Japan has disregarded U.S. opposition to a planned bilateral summit between Prime Minister Shinzo Abe and Russian President Vladimir Putin in Tokyo later this week, diplomatic sources said.
Last month Washington repeatedly conveyed its objection to the Abe-Putin meeting in the capital out of concern that it might relieve pressure on Moscow by the Group of Seven economies, but on Thursday Japan formally announced the summit for Friday, as well as another meeting in Yamaguchi Prefecture on Thursday.
The administration of President Barack Obama has been critical of Russia over its annexation of Crimea in 2014 and for backing the government of Syrian President Bashar Assad.
But Abe wants to maintain good relations with Russia in hopes of achieving a breakthrough in the decades-old territorial dispute between the two nations and concluding a postwar peace treaty.
The Japanese government’s decision to go ahead with staging a summit with Putin in Tokyo highlights a rift between Tokyo and Washington on the issue.
According to the sources, the Obama administration conveyed its opposition to Japan over the planned Abe-Putin meeting more than once through diplomatic channels in November.
The U.S. government voiced concern that staging such a meeting in Tokyo could send the wrong message that the Group of Seven (G-7) industrialized nations is not totally united in pressuring Moscow, the sources said.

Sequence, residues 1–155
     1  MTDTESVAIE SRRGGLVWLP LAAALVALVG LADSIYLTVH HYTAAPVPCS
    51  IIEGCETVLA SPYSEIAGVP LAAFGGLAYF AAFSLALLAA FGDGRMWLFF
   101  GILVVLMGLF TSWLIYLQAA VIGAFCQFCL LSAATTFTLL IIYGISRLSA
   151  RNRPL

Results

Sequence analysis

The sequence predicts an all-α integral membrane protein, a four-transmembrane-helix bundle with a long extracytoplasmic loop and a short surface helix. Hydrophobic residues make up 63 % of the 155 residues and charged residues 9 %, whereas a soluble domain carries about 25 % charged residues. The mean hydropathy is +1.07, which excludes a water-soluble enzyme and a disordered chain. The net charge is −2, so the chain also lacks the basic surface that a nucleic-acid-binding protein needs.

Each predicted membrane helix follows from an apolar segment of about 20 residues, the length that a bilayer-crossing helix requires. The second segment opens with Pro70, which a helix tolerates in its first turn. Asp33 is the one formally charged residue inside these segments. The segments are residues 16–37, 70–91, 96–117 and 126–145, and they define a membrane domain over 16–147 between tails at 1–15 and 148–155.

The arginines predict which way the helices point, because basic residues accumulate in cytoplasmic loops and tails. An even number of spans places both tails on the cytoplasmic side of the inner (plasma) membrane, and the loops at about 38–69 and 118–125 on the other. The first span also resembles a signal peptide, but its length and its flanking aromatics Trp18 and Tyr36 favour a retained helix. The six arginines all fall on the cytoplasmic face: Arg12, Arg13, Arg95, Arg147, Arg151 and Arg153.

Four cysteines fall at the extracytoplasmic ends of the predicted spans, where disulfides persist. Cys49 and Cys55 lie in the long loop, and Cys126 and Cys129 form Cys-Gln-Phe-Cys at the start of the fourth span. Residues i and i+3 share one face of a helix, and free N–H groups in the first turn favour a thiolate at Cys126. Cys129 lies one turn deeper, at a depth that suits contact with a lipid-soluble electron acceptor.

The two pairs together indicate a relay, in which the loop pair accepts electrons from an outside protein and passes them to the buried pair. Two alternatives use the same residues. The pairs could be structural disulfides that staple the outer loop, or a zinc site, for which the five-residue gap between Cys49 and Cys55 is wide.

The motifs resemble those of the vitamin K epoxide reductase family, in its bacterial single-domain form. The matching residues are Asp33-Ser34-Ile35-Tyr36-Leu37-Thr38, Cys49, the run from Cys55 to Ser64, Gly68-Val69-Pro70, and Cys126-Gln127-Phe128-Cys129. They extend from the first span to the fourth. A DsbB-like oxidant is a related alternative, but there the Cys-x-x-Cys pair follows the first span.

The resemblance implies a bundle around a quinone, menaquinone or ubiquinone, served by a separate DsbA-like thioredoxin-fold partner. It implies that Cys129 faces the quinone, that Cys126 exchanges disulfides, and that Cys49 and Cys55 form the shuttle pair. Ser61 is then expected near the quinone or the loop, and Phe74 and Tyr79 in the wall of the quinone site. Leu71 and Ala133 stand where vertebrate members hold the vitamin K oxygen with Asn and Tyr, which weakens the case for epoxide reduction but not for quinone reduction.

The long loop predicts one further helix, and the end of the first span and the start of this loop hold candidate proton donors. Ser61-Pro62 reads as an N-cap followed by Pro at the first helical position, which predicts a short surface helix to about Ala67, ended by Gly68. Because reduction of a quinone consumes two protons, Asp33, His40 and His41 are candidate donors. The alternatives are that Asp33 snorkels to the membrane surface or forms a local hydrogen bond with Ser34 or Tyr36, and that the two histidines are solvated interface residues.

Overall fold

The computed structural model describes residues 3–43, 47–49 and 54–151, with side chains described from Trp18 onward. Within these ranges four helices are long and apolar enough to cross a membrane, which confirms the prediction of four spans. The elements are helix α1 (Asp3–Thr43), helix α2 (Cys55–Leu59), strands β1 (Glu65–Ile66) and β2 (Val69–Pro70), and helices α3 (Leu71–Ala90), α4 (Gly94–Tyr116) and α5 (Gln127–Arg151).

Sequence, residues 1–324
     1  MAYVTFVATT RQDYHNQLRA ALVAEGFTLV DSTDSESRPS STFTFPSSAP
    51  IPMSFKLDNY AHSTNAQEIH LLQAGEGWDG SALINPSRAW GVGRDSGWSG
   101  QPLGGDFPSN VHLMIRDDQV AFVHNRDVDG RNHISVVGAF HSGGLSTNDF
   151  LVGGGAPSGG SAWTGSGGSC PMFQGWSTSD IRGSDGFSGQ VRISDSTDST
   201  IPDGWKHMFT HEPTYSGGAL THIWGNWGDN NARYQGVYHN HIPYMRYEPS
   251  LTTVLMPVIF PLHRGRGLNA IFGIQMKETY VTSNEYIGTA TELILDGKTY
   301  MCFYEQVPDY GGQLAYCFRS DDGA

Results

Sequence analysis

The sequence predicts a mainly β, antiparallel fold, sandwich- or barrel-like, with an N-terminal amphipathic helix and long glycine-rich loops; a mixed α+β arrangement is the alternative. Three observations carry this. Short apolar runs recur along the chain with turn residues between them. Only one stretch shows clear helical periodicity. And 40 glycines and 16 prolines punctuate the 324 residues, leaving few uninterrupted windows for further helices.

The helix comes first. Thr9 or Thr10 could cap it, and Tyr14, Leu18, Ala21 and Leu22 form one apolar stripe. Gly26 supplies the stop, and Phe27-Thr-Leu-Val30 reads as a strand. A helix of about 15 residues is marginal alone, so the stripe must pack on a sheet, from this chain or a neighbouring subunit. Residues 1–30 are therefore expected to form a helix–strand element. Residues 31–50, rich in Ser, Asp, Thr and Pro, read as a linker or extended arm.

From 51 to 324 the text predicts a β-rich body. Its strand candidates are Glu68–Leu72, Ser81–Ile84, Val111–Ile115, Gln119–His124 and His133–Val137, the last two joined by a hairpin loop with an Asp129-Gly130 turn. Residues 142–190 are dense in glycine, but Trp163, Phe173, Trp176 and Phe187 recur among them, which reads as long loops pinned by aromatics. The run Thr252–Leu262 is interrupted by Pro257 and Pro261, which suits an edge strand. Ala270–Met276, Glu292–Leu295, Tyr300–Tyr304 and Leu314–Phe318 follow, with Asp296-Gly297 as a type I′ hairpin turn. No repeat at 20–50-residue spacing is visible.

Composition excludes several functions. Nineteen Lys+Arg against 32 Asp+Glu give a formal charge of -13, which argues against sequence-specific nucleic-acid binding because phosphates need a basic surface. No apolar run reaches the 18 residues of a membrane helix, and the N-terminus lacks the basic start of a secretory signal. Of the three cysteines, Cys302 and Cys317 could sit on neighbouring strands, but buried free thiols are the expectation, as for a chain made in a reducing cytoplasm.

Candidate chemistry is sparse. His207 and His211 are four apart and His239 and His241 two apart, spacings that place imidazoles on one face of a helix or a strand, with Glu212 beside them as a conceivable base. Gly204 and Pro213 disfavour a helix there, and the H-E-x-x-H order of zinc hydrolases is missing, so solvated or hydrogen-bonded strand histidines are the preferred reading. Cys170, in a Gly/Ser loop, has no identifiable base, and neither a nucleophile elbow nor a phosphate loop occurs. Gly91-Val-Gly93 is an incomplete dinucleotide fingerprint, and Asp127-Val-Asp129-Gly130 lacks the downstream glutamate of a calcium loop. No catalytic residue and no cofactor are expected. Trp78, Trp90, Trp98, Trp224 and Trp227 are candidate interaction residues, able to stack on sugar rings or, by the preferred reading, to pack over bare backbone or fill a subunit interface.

The Japanese government is believed to have told Washington that the Russian leader’s visit should not be seen as according Putin special favors as he will not be granted a meeting with Emperor Akihito.
A Japanese government source said, “Although Japan needs to play a role as a G-7 member, it is also natural for us to pursue national interests and holding a summit meeting in Tokyo causes no problem.”
Moscow sought a summit with Abe in Tokyo during Putin’s visit to the country. Japanese government officials initially planned to focus on a meeting in Yamaguchi Prefecture, home to Abe’s constituency, where the two leaders are to spend a substantial amount of time, but eventually agreed to Russia’s proposal to extend the summit to the capital, the sources added.
The G-7 groups Britain, Canada, France, Germany, Italy, Japan and the United States.